GAMBOA: It has one that I have been able to adapt to. In my boxing I have maintained training. What I learned in the Cuba school of boxing has helped me a lot and that is something that has helped me blend into the community in Miami. I love being here and the lifestyle is much better than what it was in Cuba.

(His father and brother are in the States also.)

It is something that is difficult, I still have a lot of family over there – my grandmother, my mom and aunts, brothers and sisters – it is something that I try not to dwell too much upon but knowing that in this situation I am doing all this for my family eases the pain.

I think the first group of defectors, Solis and Bartholemy paved the way for others to follow. Once we got here we have kept in touch but not as much as we would like to but we root each other on for our families.

Will Solis be the toughest opponent to date?

GAMBOA: I know he will be tough but I can’t say that he will be the toughest I have faced. Right now, pre-fight, I would have to say, no, but we’ll see how the fight progresses and I may have a better answer for you at the end. My toughest opponent to date was Marcos Ramirez (10/4/08) and the toughest fight I have been in was my last one against Orlando Salido.

Chris John & Hasegawa?

Todd duBoef: Both are well known in Asia. We have reached out to Chris John’s people numerous times to see about his availability. I know there is momentum building for him to stay home with his popularity in Indonesia – very Klitschkoesque – where we see them fighting out of Germany and Eastern Europe. I see that and the difficulty of bringing those guys over here to fight. I know they have a robust TV market. They are all opportunities but you never know how the timing is and the market is that they are in. Right now Chris John has no reason to come over here to fight any of the featherweights.

I don’t know if it would be right to send them over there. Our objective is to create more of an appeal over here. I think it would be difficult to get done with the time differences. Our job is to create the most interest and to put him in compelling fights.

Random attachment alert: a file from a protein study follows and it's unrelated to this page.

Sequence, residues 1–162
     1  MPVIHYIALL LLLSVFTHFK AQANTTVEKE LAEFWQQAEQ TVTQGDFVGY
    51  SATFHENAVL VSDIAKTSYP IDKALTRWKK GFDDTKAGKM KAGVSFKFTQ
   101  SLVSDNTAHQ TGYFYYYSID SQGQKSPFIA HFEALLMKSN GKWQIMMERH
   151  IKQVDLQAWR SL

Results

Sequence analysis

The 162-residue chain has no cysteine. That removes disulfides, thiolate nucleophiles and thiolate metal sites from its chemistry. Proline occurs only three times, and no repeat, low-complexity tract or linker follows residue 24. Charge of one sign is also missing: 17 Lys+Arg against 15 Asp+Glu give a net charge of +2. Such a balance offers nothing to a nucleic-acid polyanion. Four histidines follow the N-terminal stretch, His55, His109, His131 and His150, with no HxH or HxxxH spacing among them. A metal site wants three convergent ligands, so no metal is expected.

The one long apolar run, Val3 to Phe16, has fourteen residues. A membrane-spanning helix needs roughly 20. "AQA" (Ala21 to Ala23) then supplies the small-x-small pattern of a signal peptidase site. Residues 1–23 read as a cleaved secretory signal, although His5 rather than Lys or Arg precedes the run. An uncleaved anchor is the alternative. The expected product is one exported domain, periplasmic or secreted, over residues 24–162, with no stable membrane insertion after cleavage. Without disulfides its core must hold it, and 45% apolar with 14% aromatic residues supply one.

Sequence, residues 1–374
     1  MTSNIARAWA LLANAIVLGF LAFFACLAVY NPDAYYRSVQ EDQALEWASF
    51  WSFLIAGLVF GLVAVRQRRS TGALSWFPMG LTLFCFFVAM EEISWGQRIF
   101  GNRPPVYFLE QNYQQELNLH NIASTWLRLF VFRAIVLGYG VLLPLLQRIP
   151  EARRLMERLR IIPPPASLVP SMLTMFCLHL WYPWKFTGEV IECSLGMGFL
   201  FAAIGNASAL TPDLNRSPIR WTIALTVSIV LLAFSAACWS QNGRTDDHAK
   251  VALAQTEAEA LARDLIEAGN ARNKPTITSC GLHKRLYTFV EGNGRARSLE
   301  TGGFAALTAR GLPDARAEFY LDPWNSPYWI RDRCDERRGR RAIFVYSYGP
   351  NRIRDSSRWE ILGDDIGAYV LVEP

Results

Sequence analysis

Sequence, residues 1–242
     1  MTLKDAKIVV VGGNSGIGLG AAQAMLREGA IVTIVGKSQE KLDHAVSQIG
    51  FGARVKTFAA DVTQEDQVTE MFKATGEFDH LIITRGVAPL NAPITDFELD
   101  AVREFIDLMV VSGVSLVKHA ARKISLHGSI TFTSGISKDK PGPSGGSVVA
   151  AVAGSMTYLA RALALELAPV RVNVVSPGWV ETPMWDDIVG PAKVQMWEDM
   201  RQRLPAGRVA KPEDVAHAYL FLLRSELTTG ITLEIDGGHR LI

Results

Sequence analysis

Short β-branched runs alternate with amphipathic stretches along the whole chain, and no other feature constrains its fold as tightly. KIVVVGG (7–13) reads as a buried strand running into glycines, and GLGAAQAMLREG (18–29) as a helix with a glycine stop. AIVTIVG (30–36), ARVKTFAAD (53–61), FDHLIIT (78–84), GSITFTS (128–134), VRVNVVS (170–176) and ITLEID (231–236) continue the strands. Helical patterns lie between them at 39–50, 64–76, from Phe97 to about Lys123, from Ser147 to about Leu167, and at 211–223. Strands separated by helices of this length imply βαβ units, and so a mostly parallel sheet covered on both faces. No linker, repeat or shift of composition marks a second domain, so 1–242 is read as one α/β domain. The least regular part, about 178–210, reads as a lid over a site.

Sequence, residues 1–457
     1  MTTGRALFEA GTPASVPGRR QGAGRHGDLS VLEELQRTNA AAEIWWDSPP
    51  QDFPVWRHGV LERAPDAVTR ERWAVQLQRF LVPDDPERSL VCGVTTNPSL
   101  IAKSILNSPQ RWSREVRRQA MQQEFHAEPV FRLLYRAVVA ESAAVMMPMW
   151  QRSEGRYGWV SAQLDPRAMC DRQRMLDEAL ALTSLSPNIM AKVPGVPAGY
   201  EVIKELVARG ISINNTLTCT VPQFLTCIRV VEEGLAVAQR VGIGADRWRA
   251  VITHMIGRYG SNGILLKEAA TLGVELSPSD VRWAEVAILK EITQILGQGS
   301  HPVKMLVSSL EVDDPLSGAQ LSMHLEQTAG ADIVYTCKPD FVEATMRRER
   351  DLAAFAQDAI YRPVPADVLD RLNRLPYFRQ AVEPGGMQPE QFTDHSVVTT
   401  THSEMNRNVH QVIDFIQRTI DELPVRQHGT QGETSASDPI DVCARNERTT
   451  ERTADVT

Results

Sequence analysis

GAMBOA: Those are names that people have mentioned of being the better ones in our division. I would never back down from anyone and would look forward to fighting either John or Hasegawa.

Tony Gonzlaez: Yuri’s trainer Salas and he have a long history. Salas trained Yuriorkis’ father. He saw Gamboa grow up. He has trained 11 world champions. Salas has been training 20 years outside of Cuba.

GAMBOA: Salas has brought a lot to the table and he knew my amateur background and that has helped me progress into the professional ranks. He has trained me for 13 professional fights.

Todd duBoef: I don’t think you can segment the Latin community into a Cotto or a Morales community. About 62% of the Latin community in the USA is of Mexican descent, a number which is drawn from percentage of American households. Americans have always embraced Cuban fighters, which is why we felt it important he fight the Mexican fighters which is why he fought Salido and now Solis. It’s difficult but we are trying to position him as an overall fighter such as Duran, even though he came from Panama, so I wouldn’t put him into a segment such as a Cotto or Lopez based segment. There are good Cuban communities in New Jersey and New York.

How was it fighting at Madison Square Garden?

GAMBOA: It was a wonderful opportunity for me to fight and walk through those doors at the Garden. Great champions have fought in front of huge audiences and it was the most exciting moment of my professional career.


The most exciting boxers today reside in the sport’s lighter weight divisions and Tomorrow! Saturday, March 26, in the Adrian Phillips Ballroom at Atlantic City’s Boardwalk Hall, four of them will take center stage and battle for titles in “Featherweight Fury!” Yuriorkis Gamboa will defend his World Boxing Association (WBA) featherweight and International Boxing Federation (IBF) titles against interim WBA Super Featherweight Champion Jorge Solis and undefeated NABF & NABO champion Matt ‘Sharp Shooter’ Remillard of Manchester, Conn. will defend his featherweight titles against No. 1-ranked Mikey Garcia of Oxnard, California.

Featherweight Fury! is promoted by Top Rank, in association with Arena Box and Caesars Atlantic City. The Gamboa vs. Solis and Remillard vs. Garcia title fights will be televised live on HBO Boxing After Dark at 9:45 p.m. ET/PT (delayed on the West Coast.)

Remaining tickets, priced at $200, $100, $50, are available at the Boardwalk Hall Box Office or by calling Ticketmaster at (800) 736-1420 or online at